Lott
v.
City of Fort Worth

Court of Appeals of Texas, Fort WorthOct 20, 1992
840 S.W.2d 146 (Tex. App. 1992)

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  • holding that generally an unsworn statement by counsel is not evidence in the context of a Batson hearing

    Summary of this case from Peterson v. State

No. 2-91-078-CV.

October 20, 1992.

Appeal from 352nd District Court, Tarrant County, Bruce Auld, J.

Lowell E. Dushman, Dushman Friedman, P.C., J. Stewart Bass, The Dent Law Firm, Fort Worth, for appellants.

Wade Adkins, City Atty., Theordore P. Gorski, Jr., Asst. City Atty., Fort Worth, for appellees.

Ron Sanders, pro se.

Before WEAVER, C.J., and FARRIS and LATTIMORE, JJ.


OPINION


WEAVER, Chief Justice.

Diedere Lott, Faytrice Smith and Charles Collins appeal from a take-nothing judgment in favor of the City of Fort Worth and Ron Sanders. The appellants bring nine points of error. Under points one through six, they claim that the jury's finding of no negligence on the part of either appellee was not legally or factually supported by the evidence. Under points seven, eight and nine, they assert error of the trial court in overruling their objections to the striking by the defendants of all black members of the jury venire.

We reverse and remand for a new trial.

The appellants in this premises liability lawsuit sued the City of Fort Worth ("City") and Ron Sanders ("Sanders") following the drowning death of Anthony White ("Anthony"), aged 7, in a water filled excavation pit on property owned by Sanders. Survival and wrongful death claims were brought by Anthony's mother, Diedere Lott, individually, on behalf of Anthony's estate, and as next friend for Anthony's surviving brothers, Milton Lott and Jimmy Lott; by Anthony's grandmother, Faytrice Smith; and by Anthony's father, Charles Collins ("appellants"). The jury, in an eleven to one verdict, found that neither the City nor Sanders was negligent in Anthony's drowning death. In accordance with the jury's verdict, the trial court entered a take-nothing judgment in favor of the City and Sanders.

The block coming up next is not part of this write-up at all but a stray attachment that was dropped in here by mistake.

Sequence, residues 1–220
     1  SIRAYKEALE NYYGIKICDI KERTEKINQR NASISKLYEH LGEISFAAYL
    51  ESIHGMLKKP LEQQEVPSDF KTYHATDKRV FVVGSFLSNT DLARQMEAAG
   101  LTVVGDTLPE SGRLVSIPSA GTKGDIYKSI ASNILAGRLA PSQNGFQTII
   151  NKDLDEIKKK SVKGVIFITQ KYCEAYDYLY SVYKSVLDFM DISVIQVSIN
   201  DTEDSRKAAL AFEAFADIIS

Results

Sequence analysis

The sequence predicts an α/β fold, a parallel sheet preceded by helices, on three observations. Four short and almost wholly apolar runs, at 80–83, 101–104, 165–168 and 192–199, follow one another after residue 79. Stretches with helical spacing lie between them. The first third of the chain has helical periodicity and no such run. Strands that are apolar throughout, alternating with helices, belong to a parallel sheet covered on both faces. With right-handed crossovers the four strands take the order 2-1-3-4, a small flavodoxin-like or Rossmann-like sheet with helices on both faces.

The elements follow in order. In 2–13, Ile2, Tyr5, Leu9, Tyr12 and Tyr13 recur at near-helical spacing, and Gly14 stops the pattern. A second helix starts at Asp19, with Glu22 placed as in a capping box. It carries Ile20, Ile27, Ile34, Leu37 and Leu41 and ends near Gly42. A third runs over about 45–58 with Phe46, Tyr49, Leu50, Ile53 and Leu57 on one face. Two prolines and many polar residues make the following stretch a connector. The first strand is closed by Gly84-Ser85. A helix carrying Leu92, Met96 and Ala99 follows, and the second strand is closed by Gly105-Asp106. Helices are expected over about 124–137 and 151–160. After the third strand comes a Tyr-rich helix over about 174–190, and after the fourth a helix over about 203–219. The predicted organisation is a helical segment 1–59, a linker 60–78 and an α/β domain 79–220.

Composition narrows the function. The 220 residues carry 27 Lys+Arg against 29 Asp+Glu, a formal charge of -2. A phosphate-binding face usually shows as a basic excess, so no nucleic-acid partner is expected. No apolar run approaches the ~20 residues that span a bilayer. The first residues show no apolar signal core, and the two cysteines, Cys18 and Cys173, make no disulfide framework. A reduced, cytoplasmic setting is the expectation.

Appellants complain under points of error seven, eight and nine that the trial court erred in overruling their objections to the defendants' exercise of peremptory challenges. Specifically, appellants urge that the trial court committed reversible error in not granting their Motion for Mistrial, Motion to Strike Jury Panel, and Motion for New Trial. Appellants assert that their constitutional rights to a fair and impartial jury and to due process of law were violated. Appellants also assert that the prospective juror's constitutional rights to equal protection of the law were violated.

Three defendants were involved in the jury selection process — the City, Sanders, and Wani, Apel Associates ("Wani") which was nonsuited during the trial ("defendants"). The trial court allowed the three defendants a combined total of six peremptory challenges, and the defendants made a joint decision as to how the six strikes would be exercised. The defendants used two of the six peremptory challenges to strike all of the black venirepersons. Appellants, who are black, objected on the basis that their constitutional rights had been violated by the defendants' allegedly discriminatory use of peremptory challenges to exclude the only two black venirepersons from the jury panel.